Twitter, Supposed Free Speech Haven, Is Blocking Ads for ‘Mentioning Abortion Advocacy’
Twitter joins Spotify, Hulu, and other major media platforms that have censored promoted content supporting abortion.AbortionPolitics
Since purchasing Twitter last year and pillaging two-thirds of its value, Elon Musk has prided himself on making the social platform a free speech haven—at least for transphobes, white nationalists, and terminally unfunny fans of his. But among the many predictable problems and double standards regarding the platform’s treatment of marginalized people and progressive causes, HuffPost reported on yet another on Thursday: Twitter is blocking political ads for merely “[mentioning] abortion advocacy,” as one employee put it in an email to a Democrat in North Carolina.
State Sen. Rachel Hunt (D) is running for lieutenant governor of North Carolina, and a large part of her campaign is pushing back on the state’s recently passed 12-week abortion ban. This week, Hunt told HuffPost she realized a new video ad in which she highlights her support for abortion rights and addresses the 12-week ban had been rejected by Twitter, which is refusing to promote the ad.
In an emailed explanation for this decision, an employee told Hunt’s campaign: “Ah yes, the mention of abortion advocacy is the issue here.” (Nothing says Elon Musk’s Twitter more than responding to a business matter with the diction equivalent of a fedora, ah yes.) The employee implied that there may soon be some change to the policy, telling Hunt’s campaign that Twitter might have “some good news to share on that front” in the next weeks. But the employee concluded, “For now, though, you still won’t be able to message around that topic.” (That change would certainly be in Twitter’s best interests, as its horrific content moderation standards have resulted in advertisers fleeing the site en masse.)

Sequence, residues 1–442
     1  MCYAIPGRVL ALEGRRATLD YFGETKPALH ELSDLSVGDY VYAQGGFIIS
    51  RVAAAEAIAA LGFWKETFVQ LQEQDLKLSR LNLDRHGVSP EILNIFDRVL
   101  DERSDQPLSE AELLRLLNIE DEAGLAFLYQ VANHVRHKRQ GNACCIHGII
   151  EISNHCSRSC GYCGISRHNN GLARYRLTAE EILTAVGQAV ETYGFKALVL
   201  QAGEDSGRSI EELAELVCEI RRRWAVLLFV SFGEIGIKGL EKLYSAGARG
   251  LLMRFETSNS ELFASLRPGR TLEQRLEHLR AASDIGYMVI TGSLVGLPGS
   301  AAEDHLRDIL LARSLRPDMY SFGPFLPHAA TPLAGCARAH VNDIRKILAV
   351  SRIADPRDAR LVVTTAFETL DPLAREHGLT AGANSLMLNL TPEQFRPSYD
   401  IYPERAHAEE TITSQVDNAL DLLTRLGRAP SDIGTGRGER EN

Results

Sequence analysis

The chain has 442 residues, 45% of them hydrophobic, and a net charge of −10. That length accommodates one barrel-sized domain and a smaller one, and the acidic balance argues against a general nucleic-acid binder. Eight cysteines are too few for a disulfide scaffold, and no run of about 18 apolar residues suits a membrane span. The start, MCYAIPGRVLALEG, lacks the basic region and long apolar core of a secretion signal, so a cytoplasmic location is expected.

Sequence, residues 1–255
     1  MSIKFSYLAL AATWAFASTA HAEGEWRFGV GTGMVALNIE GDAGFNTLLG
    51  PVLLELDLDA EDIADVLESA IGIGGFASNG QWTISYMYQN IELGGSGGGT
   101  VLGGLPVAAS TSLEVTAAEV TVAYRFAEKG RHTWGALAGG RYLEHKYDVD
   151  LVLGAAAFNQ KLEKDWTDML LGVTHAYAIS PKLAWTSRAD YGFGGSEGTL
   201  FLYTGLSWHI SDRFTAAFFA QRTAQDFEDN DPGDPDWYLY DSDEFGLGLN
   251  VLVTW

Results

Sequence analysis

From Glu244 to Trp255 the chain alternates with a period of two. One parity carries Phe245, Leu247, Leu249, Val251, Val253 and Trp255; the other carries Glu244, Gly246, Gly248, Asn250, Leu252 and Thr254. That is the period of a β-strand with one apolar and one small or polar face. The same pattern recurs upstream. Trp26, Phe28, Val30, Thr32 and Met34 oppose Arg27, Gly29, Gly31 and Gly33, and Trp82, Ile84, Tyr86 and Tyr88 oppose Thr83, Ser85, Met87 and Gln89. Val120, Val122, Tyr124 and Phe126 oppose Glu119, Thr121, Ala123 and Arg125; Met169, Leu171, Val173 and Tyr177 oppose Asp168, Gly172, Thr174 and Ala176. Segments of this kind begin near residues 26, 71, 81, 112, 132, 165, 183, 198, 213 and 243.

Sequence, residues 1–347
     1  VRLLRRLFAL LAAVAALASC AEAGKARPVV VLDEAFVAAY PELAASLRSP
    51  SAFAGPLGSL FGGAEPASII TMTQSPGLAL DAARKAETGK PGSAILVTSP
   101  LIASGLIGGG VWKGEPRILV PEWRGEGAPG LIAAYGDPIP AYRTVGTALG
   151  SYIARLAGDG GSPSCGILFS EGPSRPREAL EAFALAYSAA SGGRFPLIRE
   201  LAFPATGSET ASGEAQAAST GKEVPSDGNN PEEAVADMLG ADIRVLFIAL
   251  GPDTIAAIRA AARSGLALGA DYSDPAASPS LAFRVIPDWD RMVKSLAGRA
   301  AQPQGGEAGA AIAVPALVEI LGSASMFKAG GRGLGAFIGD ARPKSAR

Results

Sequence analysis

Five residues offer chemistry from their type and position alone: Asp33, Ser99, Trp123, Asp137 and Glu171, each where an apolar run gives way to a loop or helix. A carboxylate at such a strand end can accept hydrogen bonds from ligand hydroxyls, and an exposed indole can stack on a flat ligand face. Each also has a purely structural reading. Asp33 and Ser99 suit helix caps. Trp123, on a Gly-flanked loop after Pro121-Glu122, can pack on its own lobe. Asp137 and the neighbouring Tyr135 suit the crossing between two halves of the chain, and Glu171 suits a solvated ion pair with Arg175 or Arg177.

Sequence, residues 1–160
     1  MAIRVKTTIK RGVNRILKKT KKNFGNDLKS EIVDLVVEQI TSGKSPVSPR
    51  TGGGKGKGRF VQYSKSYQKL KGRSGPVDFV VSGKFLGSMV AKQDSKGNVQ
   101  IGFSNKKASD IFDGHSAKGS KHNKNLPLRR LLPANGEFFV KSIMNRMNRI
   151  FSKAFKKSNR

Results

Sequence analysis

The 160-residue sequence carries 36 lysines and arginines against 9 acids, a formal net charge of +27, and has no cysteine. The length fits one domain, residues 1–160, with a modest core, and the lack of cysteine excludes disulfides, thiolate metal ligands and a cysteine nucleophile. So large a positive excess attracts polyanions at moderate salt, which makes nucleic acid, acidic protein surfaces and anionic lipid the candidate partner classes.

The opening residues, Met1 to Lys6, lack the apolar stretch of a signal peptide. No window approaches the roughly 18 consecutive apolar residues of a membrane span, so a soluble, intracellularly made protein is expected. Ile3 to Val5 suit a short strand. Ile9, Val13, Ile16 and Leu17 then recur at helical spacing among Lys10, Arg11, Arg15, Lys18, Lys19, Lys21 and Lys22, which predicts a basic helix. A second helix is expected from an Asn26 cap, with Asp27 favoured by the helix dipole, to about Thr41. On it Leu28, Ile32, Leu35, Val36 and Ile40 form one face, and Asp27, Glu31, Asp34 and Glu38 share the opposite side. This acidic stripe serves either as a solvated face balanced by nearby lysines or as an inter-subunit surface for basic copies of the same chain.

Twitter didn’t immediately respond to a request for comment from Jezebel (other than a poop emoji, which is its pitifully cringe automatic reply to press inquiries).
Hunt’s own tweet of the video that she wanted to promote in paid advertising form has remained up (see below)—and as have the ads for erectile dysfunction products, the promoted tweets of Twitter Blue-subscribed grifters, crypto scams, and promo for Tucker Carlson’s new Twitter show, which my feed is littered with. I would welcome an ad from a politician substantively engaging with a life-or-death issue.
In the ad in question, Hunt praises the life-changing power of abortion rights: “When Roe v. Wade came to rural America, women woke up to a different world. A world with a bit more time. …The important decisions didn’t get easier, but they were hers.” She continued, “I’m running for lieutenant governor because the Republican plan isn’t this year’s 12-week abortion ban—it’s next year’s total abortion ban.”
“I find it deeply concerning that Twitter considers the topic of protecting our fundamental freedoms as prohibited content,” Hunt told HuffPost. “Regardless, I will continue to focus on sharing my message with voters in every community in every part of the state.”
The rejection of Hunt’s ad comes as abortion is an especially hot-button issue this election cycle, a year after the Supreme Court overturned Roe. On the campaign trail last year, Democratic candidates trying to message about abortion in their ads faced similar challenges: One candidate in New York told Jezebel his ads were being rejected by Hulu for invoking “sensitive” issues like abortion and gun safety. A campaign source said that Hulu told them his ad could run if it swapped out its opening words—“from abortion rights to gun laws to climate change”—for “permissible ones such as taxes, infrastructure, and democracy.”
At an increasingly perilous time for our rights, advertising around abortion is being subjected to ridiculous scrutiny, not even just on the campaign trail. Last year, shortly after Roe was overturned, activists raised alarm around ads for abortion pills being rejected from companies like Spotify. Meanwhile, some watchdogs report Meta is allowing medically inaccurate ads for “abortion reversal,” and Google recently raked in $10 million in ad dollars to promote anti-abortion clinics that endanger and spy on abortion seekers.
There’s greater urgency than ever for people to know which candidates will protect their rights (and how to safely access abortion-related resources). And companies like Twitter are willfully standing in the way of this.